Jump to content
maxiaochen

maxiaochen

New New
  • Joined:
  • Last Visited:
  • 3

    Content

  • 1

    Articles

  • 1,401

    Visitors

  • 0

    Followers

  • 0

    Points

maxiaochen's Latest Activity

  1. maxiaochen

    Air RN

    Jen, you are so right.
  2. maxiaochen

    Air RN

    I stilll don't want to deliver a baby why flying...:) But if that happens, I am Always A Nurse!
  3. maxiaochen

    Air RN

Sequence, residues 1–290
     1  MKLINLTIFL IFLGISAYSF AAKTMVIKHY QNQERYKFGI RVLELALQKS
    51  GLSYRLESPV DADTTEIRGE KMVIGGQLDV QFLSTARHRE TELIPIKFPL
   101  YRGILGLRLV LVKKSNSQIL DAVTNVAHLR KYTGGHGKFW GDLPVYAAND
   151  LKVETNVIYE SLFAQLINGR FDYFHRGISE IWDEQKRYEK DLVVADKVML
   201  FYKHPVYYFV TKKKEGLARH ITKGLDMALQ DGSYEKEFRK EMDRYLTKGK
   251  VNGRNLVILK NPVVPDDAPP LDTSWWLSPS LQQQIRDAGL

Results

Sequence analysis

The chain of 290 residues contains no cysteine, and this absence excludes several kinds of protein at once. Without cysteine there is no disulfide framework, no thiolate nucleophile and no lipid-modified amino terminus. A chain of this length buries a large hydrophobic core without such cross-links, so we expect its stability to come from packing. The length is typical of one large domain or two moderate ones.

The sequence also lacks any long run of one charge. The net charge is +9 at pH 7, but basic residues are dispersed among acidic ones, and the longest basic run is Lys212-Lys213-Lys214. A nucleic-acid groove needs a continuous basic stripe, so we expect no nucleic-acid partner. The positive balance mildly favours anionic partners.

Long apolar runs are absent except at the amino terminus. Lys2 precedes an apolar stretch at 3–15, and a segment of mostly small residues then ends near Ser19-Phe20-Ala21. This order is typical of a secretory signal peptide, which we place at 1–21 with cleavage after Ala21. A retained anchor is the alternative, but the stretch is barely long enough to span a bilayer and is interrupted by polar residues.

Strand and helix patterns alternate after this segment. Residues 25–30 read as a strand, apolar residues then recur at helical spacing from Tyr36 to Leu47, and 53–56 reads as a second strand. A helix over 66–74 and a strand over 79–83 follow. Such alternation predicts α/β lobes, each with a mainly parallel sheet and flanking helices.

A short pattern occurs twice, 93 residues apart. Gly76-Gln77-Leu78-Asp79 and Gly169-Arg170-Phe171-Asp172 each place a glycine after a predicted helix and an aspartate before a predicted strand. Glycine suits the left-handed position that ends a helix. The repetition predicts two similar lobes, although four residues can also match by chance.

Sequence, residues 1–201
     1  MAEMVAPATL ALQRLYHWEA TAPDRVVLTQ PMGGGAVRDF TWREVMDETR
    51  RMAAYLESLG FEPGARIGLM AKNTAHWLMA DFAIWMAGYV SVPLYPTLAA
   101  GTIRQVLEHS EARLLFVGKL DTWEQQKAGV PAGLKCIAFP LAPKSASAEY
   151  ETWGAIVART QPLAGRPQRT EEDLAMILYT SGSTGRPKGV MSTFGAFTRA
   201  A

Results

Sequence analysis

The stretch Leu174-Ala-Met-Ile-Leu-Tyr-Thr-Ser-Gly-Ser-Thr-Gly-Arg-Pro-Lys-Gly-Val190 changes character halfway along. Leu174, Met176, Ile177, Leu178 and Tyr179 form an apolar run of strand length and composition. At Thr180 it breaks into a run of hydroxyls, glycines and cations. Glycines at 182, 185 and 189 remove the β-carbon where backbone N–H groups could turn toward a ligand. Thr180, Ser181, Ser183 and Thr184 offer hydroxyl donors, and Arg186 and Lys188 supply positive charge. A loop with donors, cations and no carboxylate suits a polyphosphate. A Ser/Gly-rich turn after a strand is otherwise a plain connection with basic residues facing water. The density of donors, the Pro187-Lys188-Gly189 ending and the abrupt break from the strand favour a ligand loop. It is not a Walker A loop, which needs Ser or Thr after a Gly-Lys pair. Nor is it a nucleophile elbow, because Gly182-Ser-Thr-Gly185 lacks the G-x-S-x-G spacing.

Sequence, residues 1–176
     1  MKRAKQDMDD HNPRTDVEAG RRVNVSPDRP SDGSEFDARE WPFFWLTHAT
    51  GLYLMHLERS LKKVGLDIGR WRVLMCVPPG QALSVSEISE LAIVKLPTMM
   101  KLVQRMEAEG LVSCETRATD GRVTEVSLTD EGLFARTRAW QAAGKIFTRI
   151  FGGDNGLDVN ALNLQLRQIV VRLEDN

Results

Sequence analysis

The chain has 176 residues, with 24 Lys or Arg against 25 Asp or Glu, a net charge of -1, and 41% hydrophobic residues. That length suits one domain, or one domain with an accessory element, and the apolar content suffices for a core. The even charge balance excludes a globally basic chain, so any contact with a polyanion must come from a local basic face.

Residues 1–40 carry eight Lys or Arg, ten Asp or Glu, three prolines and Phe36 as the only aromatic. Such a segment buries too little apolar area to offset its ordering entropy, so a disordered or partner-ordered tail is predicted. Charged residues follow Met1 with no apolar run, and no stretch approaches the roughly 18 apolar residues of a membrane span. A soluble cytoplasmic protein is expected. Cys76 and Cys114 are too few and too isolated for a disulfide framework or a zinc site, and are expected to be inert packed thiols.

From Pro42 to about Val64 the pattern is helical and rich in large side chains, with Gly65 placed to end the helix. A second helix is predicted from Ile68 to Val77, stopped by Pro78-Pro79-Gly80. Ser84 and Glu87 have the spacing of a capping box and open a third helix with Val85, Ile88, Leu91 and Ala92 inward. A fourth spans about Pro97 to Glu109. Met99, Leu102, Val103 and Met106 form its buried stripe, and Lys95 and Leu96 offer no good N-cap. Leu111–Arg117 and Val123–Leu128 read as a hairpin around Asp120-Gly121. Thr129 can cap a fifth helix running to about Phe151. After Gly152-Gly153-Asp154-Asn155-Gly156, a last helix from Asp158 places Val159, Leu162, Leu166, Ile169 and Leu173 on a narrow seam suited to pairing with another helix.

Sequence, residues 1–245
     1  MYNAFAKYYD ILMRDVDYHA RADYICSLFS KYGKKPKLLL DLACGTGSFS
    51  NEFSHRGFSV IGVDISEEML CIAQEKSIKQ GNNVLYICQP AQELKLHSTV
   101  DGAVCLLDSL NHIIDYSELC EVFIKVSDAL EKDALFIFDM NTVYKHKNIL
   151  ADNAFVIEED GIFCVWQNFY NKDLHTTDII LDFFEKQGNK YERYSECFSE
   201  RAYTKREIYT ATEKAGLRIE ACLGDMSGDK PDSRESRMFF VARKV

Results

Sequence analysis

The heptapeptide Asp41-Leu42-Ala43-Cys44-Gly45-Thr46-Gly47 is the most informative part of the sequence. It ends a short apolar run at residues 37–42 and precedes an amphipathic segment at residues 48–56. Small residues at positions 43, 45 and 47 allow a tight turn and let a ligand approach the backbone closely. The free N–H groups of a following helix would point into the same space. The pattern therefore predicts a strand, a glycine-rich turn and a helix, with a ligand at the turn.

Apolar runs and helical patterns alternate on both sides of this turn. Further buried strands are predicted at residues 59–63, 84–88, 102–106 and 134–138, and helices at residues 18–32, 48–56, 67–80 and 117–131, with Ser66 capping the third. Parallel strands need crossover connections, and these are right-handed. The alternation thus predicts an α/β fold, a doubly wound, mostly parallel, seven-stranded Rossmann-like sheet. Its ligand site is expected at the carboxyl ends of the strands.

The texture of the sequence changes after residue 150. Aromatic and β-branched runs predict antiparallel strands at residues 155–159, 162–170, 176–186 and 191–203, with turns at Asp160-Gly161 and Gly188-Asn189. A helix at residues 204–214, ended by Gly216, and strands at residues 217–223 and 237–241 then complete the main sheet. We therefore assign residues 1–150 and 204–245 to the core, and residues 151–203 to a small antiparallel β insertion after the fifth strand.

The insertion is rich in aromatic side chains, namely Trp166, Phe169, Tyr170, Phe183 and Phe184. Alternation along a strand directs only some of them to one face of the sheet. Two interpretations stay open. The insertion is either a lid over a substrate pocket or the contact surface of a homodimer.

The food was tolerable; drinks were still free and the children were behaving. I was watching movies with periodically daydreaming about sitting in a first class seat... Suddenly, the movie stopped, replaced by an announcement: "all passengers, if you are a medical doctor, please let us know. We need help." I looked around, and hesitated. It was not a US company flight. The cabin was quiet. "maybe everything is ok now." I thought. Then, I heard the announcement again. I took a deep breath, explained to my husband and kids, and stood up like a hero going to a war. "I am a nurse and a nurse practitioner, can I help?" I introduced myself. After giving the crew my name and work place, I was led to front cabin washroom. A middle age man was moaning and curled up on the floor. He is the co-pilot. He started experiencing nausea, vomiting, diarrhea, and sever abdominal pain about 30 minutes ago. After obtaining necessary history and exam, I believe he suffered acute gastroenteritis likely from left over food he ate last night at home. A crew member communicated to the ground doctors about my assessment. He then asked me: "Do you think we have to land now? The closest airport was Anchorage, Alaska." "Alaska? I have to decide?" I felt my body was heating up, and my breath was deeper. I am on an airplane! Luckily, I quickly calmed dawn. I assessed the patient again and checked the first aid kits available. I was happy that they have decent supplies of equipments and medicines. I decided that he was stable enough to stay on. I was told I could give him iv gravol and iv fluid and repeat if needed. Before I could ask any questions, the ground doctor hung up. Gravol, what is that? I got my palm pilot out and found out it was Canadian brand name for dimenhydrinate. Talking about bring the resources with you! The crew members helped me getting the patient up to the small and dark cabin that the pilots use to rest. The ceiling is about 4 feet tall. It has two chairs and a roughly full size bed. Both sides and the foot of the bed are against the walls. The patient lay down with his feet in. I kneel on the floor and could barely see his face. He closed his eyes and moaned all the time. I've been teaching and working as a NP for the last few years. I haven't started an iv for a while. Despite my nervousness, the instability of the plane and patient's reluctant to keep the arm straight, I was able to insert the catheter easily under a flush light. It took me longer time to figure out how to get the inlet out and connect the tubing because they were not US brand supplies. Then I found there were no places that I could hang the iv bag! After being creative, handy and didn't have to break the air tight plane, I finally hung the bag on top of the ceiling by using rubber bands and gloves...I pushed the medicine. The patient felt a little better about 20 minutes after he got the medicine and the fluid. I felt exhausted. It was around 2 am Eastern standard time. We were still 4-5 hours away from landing. I gave him another dose of dimenhydrinate and total 1500 ml of normal saline. He was stable and somewhat comfortable through out the journey. I stayed with him all the time, held his hand, and talked to him. We landed in China on time. I talked to the local doctors in Chinese and told the patient where he would go and answered all his questions. By then, he was able to sit up, get dressed, shake hands with me and thank me. He told me that was the first time he saw my face. He said my soft voice and the hand held got him through. It doesn't matter that you and your patient shared different culture background and nationalities, your patient can feel your heart. I am proud to give my heart and share my skills and knowledge. The crew members treated me like a hero and gave me bottle of wine as a souvenir. It's just a little taste of first class. I shared my wine with my family and friends in China while I proudly shared my "heroic" experience with them. We always say: once a nurse, always a nurse, no matter where and when. I had done some nursing rescue in supermarket, subway. But I had never thought that my first international nursing experience would be like this. I had a chance testing my knowledge and skills. I am proud to be a nurse and nurse practitioner. When i came back to the us, i found the airline company rewarded me 10,000 flight miles. It feels nice that my work is acknowledged.